Get ‘ready’ to deal with a fentanyl crisis, Vancouver’s mayor tells John Tory
Metro Morning Radio CBC interview Mayor Tory above hyperlinked article
Quote Mayor 2:45 minutes “Obstacles … different lines of communication … different protocols” One correct protocol OD rescue breathing Naloxone continue rescue breathing. Not as shown in the last article found addendum Jan 5, 2017 ‘chest compressions.’ Naloxone has no role in the management of cardiac arrest.
At 5:15 minutes “overdose situation can be resuscitated” Naloxone is not resuscitation it’s an antidote, rescue breathing is resuscitation and is essential.
Toronto to hold meeting Monday Jan. 9, 2017 to come up with a plan to deal with the deadly drug
Toronto Mayor John Tory says he offered help to Vancouver, which is in the midst of a drug overdose crisis, and he received some timely advice instead.
“Be ready” for fentanyl, Tory was told.
Fentanyl, a synthetic opioid, is behind an alarming number of deaths in B.C. In November 2016, four British Columbians died from drug overdoses each day. In that month alone, 128 people died, with officials saying an increasing number of the overdose deaths are due to fentanyl.
Tory said Vancouver Mayor Gregor Robertson gave him a warning.
“Be ready. That was the number one piece of advice that Mayor Robertson had for me,” Tory told Metro Morning on Friday.
“It hasn’t yet come. These drug patterns over the years come from west to east in Canada. It hasn’t really come here to the same degree as it has in Vancouver.”
My video out-take above photo with comments https://youtu.be/zUO2TeeKC1E
Toronto police seized more than three kilograms of fentanyl last year, compared to a third of a kilogram in 2015.
Paramedics in the city administered 161 doses of naloxone — an injectable opioid overdose antidote — last year compared to 109 doses in 2015 and 110 in 2014.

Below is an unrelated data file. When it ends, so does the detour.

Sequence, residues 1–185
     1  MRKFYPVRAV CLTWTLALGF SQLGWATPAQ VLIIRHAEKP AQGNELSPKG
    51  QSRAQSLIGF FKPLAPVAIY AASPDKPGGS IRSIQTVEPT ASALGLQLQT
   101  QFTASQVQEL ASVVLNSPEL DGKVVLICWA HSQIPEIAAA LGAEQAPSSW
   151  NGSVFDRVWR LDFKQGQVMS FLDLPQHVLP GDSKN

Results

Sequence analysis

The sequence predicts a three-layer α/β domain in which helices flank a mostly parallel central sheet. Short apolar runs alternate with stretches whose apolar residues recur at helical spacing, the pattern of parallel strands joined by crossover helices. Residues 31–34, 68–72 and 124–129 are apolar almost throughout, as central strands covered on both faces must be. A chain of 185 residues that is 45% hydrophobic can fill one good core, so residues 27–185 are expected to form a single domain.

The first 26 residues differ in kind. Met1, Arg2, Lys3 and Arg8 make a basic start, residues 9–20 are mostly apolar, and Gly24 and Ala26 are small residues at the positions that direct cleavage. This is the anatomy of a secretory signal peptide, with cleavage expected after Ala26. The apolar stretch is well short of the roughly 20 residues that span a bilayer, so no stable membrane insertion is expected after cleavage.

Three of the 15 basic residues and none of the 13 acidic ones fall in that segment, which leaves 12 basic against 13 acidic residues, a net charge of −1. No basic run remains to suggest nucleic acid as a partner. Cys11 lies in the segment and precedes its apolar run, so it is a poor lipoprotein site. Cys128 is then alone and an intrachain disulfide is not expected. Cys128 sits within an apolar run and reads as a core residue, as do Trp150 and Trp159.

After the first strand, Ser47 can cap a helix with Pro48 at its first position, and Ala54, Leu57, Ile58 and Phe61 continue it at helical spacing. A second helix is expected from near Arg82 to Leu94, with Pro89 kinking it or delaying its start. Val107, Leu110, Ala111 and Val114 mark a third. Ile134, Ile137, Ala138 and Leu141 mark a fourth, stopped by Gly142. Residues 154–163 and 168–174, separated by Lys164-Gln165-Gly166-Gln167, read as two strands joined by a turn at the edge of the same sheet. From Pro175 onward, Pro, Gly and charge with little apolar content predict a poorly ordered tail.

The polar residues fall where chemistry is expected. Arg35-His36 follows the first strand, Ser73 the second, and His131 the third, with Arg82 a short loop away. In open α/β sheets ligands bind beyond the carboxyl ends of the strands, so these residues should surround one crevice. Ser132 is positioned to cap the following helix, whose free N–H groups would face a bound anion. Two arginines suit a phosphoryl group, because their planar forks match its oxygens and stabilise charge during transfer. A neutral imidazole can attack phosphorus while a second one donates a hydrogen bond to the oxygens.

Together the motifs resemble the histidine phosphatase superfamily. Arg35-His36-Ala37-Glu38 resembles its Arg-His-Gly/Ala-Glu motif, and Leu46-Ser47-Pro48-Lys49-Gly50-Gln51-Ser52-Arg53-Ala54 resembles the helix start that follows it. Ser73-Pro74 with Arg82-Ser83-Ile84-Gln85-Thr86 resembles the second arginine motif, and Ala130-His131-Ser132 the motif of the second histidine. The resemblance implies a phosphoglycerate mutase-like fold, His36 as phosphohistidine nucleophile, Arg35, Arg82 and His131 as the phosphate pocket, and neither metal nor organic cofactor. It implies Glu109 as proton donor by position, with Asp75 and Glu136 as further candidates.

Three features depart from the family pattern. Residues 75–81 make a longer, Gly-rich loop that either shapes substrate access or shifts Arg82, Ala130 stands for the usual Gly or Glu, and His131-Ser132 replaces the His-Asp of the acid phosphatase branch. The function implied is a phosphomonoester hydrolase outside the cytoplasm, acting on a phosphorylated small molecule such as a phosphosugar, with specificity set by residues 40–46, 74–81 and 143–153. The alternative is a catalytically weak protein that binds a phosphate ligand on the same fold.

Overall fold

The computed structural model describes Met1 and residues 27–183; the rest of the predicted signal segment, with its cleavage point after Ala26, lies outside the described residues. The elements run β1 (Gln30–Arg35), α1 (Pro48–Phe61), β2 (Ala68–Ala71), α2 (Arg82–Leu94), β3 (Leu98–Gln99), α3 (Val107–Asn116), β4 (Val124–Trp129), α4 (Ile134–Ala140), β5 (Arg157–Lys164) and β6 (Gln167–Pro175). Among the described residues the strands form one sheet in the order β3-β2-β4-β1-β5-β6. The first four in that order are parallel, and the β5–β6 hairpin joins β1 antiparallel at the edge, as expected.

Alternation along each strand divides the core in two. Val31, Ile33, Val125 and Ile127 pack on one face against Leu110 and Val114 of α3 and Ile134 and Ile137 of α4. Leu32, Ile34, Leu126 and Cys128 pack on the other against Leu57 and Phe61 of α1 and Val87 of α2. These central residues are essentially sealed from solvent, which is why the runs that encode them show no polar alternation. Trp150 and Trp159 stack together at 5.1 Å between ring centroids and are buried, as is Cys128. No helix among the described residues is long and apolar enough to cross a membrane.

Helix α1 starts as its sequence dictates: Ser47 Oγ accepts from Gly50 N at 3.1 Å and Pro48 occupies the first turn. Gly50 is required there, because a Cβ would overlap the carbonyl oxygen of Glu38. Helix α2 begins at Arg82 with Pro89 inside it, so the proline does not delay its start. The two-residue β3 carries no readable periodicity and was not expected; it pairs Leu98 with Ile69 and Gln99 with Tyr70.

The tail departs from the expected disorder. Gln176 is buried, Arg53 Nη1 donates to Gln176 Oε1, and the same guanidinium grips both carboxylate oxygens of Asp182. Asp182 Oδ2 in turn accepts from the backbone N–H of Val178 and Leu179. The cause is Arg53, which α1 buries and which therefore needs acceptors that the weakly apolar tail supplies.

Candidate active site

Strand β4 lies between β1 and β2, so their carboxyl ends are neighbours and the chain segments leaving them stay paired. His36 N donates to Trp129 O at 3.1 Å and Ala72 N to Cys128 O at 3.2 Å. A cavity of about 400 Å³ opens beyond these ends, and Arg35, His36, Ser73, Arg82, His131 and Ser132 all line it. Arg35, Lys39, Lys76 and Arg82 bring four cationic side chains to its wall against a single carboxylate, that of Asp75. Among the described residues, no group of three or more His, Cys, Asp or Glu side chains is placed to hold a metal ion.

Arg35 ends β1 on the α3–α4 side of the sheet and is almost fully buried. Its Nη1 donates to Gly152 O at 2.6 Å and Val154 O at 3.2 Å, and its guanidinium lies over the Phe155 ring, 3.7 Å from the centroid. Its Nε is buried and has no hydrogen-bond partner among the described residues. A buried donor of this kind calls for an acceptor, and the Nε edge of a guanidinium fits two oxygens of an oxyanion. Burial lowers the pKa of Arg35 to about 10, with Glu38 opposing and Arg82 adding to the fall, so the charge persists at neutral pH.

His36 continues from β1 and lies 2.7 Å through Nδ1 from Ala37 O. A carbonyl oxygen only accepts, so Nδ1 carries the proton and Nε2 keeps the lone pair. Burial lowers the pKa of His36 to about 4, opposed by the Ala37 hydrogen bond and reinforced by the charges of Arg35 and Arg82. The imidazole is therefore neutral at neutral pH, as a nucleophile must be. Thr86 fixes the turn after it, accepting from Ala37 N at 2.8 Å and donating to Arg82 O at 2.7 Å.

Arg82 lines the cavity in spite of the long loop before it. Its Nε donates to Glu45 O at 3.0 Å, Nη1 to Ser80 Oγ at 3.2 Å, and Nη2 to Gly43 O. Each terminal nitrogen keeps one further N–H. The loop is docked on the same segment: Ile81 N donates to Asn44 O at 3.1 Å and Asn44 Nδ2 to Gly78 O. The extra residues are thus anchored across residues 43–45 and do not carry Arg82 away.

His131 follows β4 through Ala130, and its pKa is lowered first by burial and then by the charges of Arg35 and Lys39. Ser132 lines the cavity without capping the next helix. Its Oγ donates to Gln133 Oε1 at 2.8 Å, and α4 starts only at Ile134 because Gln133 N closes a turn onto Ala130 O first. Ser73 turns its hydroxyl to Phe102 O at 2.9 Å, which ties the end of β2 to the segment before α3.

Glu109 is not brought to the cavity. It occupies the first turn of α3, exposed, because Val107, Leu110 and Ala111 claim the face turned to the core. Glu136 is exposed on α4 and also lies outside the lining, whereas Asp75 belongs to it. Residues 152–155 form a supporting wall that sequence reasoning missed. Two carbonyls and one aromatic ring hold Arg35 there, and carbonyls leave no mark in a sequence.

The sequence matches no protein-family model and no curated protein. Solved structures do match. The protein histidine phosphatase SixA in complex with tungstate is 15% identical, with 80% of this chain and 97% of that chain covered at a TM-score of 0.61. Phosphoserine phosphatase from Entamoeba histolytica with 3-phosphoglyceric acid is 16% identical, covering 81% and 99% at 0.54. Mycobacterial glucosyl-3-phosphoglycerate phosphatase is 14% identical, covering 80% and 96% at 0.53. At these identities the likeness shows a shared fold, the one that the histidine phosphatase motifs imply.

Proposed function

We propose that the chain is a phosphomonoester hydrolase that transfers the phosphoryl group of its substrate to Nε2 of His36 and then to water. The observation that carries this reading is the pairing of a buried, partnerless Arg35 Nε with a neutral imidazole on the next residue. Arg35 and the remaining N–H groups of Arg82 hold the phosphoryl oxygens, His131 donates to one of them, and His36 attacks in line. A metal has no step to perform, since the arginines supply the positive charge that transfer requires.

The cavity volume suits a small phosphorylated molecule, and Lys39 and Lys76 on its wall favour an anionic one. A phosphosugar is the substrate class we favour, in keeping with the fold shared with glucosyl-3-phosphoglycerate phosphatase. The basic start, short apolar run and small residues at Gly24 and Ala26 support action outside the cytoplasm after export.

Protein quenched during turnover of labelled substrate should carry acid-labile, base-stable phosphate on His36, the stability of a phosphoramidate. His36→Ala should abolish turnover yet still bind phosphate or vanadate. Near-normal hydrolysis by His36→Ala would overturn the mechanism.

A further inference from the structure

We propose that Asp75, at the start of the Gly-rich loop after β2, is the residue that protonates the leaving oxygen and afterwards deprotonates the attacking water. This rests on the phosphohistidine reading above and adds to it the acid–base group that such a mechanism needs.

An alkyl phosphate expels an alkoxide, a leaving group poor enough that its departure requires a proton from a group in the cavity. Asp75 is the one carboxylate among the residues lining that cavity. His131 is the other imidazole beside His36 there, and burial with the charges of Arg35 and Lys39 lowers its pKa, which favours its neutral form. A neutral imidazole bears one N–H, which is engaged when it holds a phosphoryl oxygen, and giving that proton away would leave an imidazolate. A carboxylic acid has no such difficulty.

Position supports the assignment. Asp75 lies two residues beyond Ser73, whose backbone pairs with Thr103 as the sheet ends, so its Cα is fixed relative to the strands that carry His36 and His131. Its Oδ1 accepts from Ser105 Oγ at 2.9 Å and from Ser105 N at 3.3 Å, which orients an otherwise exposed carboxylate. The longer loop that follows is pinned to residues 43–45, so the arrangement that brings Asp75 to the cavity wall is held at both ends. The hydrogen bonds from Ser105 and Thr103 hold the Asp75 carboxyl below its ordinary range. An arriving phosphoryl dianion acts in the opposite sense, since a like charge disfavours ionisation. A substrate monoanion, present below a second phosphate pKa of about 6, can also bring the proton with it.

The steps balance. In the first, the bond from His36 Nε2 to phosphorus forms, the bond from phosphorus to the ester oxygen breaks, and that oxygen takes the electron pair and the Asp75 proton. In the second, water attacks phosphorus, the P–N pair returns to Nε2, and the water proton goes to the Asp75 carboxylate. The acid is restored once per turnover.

“The number of paramedics now carrying naloxone has increased per the Ministry of Health in Ontario as have the protocols for administering it which may impact the current and historical statistics,” said Kim McKinnon, spokesperson for Toronto Paramedic Services, in an email to CBC News.
Anecdotally, front line workers are seeing more opiod overdoses amongst their clients in the community, according to Toronto Public Health.
Robertson told Tory that there isn’t much Toronto can do to help Vancouver but it can help itself by developing a strategy about how to deal with fentanyl now.
Tory plans to meet Monday with several municipal groups to draft a plan to deal with the drug, which far stronger than heroin.
“If you think about those numbers you just recited, four people a day, if that was going on with regards to a disease, like a SARS-type thing that we experienced many years ago, or even what we have seen with pedestrian traffic deaths, we would be saying, ‘Well, we’ve got to do more than what we’re doing,'” Tory said.
Monday meeting’s will build on work already done by Dr. Barbara Yaffe, the city’s medical acting officer of health, and Coun. Joe Cressy, who runs the city’s drug strategy. The meeting will look at the status of the problem and develop an action plan for Toronto.
Not confined to the west
“It’s one of those things that I think can sneak up on you,” Tory warned.
Robertson told Tory the fentanyl problem has spread from drug addicts to more recreational drug users and the crisis has deepened because of the inadequate treatment facilities for people with addiction issues.
“People are losing their lives,” Tory said. “This is not confined to the West.”
The meeting on Monday will include representatives from the Ontario coroner’s office, Toronto Police Service, Toronto Paramedic Services, Toronto Public Health, community groups, community service providers and the Centre for Mental Health and Addiction. It’s being hosted by public health officials.
“I want us to be ready if it comes east,” he said.
Jan 5, 2017 photo Toronto Public Healths head office incorrect ‘chest compressions’ “Inadequate oxygenation not inadequate Naloxonation”